Part-time Traveller, Full-Time Brummie

Addressing the Staycation Controversy

Staycation. A portmanteau of two words: ‘stay’ and ‘vacation’. It appeared in our lingo in the mid noughties but has become much more commonly used in the past 12 months, when holidays further afield have been restricted. But what does the term ‘staycation’ mean to you? And why have I allegedly been using it all wrong? It’s time to address the staycation controversy.

Looking back over past blog posts, I’ve used the term ‘Staycation’ in three different contexts.

1. Staycation – a holiday anywhere in the UK

2. Staycation – a night spent away from your own home in the UK

3. Staycation – taking time off from work/normal life and doing activities at home or in your local area.

However it turns out that using ‘Staycation’ to describe a holiday taken in this country is offending some people. Apparently it “reeks of classism”. A holiday taken in the UK is still a holiday, argue some, therefore it shouldn’t be given some silly little nickname. They argue that the term staycation to describe a UK holiday is used by spoilt privileged people. Influencers and vloggers and youtubers (oh my). Those that only consider a holiday to be a holiday if you’ve splashed out thousands of pounds to drink sangria in the sun. People on Twitter appear to be getting VERY angry about this. Dara O’Briain was even willing to REPORT people that use the term staycation to describe a UK holiday.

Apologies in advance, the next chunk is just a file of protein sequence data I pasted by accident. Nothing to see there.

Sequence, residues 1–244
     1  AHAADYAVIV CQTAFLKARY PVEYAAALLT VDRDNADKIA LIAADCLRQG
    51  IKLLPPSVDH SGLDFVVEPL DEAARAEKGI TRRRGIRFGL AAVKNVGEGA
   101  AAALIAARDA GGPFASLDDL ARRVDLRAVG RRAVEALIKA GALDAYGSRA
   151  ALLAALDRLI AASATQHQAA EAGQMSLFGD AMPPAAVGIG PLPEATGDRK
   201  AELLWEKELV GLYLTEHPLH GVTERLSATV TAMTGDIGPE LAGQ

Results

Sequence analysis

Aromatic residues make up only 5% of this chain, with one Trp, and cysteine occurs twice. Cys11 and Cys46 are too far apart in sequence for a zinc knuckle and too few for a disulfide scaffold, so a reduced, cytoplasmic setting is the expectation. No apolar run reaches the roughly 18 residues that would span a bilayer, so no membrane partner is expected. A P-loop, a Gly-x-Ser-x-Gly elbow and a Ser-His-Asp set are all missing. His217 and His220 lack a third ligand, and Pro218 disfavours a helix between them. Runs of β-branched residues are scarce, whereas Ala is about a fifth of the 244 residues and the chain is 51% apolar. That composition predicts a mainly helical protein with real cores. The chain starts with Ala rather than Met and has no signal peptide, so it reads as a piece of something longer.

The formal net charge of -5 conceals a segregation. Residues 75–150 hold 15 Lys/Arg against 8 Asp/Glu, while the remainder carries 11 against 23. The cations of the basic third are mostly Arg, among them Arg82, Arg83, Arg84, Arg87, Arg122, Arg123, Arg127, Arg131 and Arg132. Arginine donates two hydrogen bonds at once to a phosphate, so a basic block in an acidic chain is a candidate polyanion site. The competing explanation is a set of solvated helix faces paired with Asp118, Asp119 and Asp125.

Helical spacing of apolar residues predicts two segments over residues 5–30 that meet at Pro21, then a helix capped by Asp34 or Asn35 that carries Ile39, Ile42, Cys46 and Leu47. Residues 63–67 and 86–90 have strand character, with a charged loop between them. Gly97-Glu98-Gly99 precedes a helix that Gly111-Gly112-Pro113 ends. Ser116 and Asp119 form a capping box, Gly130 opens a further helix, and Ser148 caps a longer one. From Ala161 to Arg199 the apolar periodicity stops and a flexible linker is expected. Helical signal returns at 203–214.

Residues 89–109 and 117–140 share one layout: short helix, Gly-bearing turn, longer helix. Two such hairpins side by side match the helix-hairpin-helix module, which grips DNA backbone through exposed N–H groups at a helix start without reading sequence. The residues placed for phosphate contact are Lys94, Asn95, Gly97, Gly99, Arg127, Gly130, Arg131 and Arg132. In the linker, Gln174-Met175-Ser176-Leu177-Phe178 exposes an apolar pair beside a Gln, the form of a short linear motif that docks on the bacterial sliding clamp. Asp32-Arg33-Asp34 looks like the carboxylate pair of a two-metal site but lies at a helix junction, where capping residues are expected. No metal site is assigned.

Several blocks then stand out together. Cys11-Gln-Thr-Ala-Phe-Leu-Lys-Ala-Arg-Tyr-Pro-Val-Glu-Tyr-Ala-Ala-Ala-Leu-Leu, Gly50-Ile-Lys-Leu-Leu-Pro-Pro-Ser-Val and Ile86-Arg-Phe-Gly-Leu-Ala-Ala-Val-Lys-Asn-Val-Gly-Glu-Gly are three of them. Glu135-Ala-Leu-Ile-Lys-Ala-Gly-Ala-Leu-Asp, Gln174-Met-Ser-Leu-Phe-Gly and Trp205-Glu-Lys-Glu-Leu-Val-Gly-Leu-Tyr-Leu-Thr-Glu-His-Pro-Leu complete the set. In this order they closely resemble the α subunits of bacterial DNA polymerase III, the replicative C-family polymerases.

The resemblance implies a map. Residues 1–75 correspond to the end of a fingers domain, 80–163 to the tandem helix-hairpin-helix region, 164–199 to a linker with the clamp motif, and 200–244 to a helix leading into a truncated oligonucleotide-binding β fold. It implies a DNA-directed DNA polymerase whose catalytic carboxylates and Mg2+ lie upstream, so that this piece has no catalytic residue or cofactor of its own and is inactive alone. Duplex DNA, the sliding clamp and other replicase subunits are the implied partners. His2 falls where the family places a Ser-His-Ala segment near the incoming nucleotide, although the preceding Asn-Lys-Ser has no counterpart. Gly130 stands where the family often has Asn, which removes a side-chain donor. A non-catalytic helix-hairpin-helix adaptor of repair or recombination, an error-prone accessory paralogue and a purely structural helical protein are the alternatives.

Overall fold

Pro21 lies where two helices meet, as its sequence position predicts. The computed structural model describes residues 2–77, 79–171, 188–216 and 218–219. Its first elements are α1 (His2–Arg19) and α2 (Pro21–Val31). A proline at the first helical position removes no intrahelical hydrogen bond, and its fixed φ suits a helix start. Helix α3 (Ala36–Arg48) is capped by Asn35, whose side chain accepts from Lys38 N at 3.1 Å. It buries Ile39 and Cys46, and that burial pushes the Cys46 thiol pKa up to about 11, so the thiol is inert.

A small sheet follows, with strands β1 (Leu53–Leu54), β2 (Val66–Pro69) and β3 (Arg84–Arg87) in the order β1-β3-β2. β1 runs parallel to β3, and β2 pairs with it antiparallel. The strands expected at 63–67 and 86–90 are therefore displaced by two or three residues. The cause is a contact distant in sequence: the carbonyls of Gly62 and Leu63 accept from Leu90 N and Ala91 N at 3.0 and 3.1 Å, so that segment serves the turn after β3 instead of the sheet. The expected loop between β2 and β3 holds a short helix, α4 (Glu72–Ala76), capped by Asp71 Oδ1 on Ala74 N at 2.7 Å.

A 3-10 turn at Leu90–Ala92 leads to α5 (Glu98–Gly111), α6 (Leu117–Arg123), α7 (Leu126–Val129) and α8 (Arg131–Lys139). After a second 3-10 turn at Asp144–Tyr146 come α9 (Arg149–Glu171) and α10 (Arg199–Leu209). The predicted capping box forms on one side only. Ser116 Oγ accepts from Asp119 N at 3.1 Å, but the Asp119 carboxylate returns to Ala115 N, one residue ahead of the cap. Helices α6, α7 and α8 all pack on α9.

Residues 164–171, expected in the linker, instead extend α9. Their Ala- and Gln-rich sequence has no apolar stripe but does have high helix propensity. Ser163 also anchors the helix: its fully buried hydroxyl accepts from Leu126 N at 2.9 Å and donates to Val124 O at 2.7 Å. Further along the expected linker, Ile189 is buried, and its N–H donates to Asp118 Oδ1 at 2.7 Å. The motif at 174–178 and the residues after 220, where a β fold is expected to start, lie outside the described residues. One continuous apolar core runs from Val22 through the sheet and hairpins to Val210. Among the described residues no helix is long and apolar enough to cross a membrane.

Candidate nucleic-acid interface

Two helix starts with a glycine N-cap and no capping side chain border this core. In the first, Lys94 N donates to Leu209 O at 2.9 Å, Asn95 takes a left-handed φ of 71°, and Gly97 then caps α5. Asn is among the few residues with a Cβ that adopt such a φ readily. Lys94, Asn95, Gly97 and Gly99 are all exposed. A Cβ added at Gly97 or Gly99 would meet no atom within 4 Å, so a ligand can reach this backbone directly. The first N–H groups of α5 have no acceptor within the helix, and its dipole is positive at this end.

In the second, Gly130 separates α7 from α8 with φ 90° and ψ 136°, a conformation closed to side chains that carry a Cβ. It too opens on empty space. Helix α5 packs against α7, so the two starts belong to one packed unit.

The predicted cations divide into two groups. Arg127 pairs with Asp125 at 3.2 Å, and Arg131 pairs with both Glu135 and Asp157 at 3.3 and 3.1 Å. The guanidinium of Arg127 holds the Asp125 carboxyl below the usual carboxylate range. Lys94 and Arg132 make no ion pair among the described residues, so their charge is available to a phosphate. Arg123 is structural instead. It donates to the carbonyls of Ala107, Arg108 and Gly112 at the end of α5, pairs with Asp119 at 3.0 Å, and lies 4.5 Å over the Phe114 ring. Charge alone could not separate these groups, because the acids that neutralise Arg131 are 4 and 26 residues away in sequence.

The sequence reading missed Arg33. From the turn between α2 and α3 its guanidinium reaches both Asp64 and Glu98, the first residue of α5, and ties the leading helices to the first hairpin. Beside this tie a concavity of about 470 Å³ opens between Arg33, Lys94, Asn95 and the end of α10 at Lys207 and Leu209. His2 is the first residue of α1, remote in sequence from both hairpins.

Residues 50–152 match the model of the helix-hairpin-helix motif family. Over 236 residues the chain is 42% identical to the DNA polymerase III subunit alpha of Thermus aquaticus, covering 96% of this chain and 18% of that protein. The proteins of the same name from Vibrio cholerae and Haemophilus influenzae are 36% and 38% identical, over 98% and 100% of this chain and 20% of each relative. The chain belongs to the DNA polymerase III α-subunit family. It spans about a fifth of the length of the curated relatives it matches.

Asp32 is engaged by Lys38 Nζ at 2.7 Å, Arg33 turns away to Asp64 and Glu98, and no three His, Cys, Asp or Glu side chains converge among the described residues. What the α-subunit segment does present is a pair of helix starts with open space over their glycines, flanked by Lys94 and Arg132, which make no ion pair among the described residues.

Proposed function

“A holiday spent at home or in one’s country of residence”

Oxford English Dictionary definition

So let’s get one thing straight. Apart from one week on the Costa Brava in 1989, all of my childhood holidays were taken in England and Wales. Mostly in caravans, on holiday camps with a programme of daytime and evening activities and entertainment. Rhyl. Great Yarmouth. Weymouth. We would take a week away in May, July or September to coincide with the factory shut-down weeks. The excitement would build for weeks in advance. As I got older, a friend or cousin would accompany us, and we would head off to hire bikes, or play air hockey and pool in the arcade or – as teenage hormones kicked in – flirt with lads at the fairground.

I never looked at these as anything but a holiday. And even as I discovered a passion for travelling further afield, I never considered UK holidays as less of a holiday. I feel lucky to be able to travel. A night away in a luxury hotel, a quirky glamping break, reliving childhood holidays in a caravan – these are all holidays. Staying in my own country is still a holiday. Ergo, a staycation. I wrote a blog post about embracing the UK staycation in 2020. And I’m going to continue to embrace it in 2021.

So, UK minibreak. Staycation. Holistay. It’s all just semantics. Just please don’t call them hollibobs.

Where do you stand on the Staycation Controversy? And can we just agree that it’s a silly made-up word that shouldn’t be offensive whichever way you use it?


3 responses to “Addressing the Staycation Controversy”

  1. Rachael Stray says:

    Hollibobs! I don’t get the hatred around staycation to be honest. All my holidays until I was 16 were in Northumberland. We ventured to Blackpool and Torquay once. I love a staycation!

    • emfletche says:

      I really haven’t ever thought of it in negative terms – why can’t you enjoy UK holidays AND foreign travel?

  2. Susan says:

    Absolutely spot on Em I used to take the kids to Butlins camping all sorts we would have so much fun
    Love reading your blog
    Sue xx

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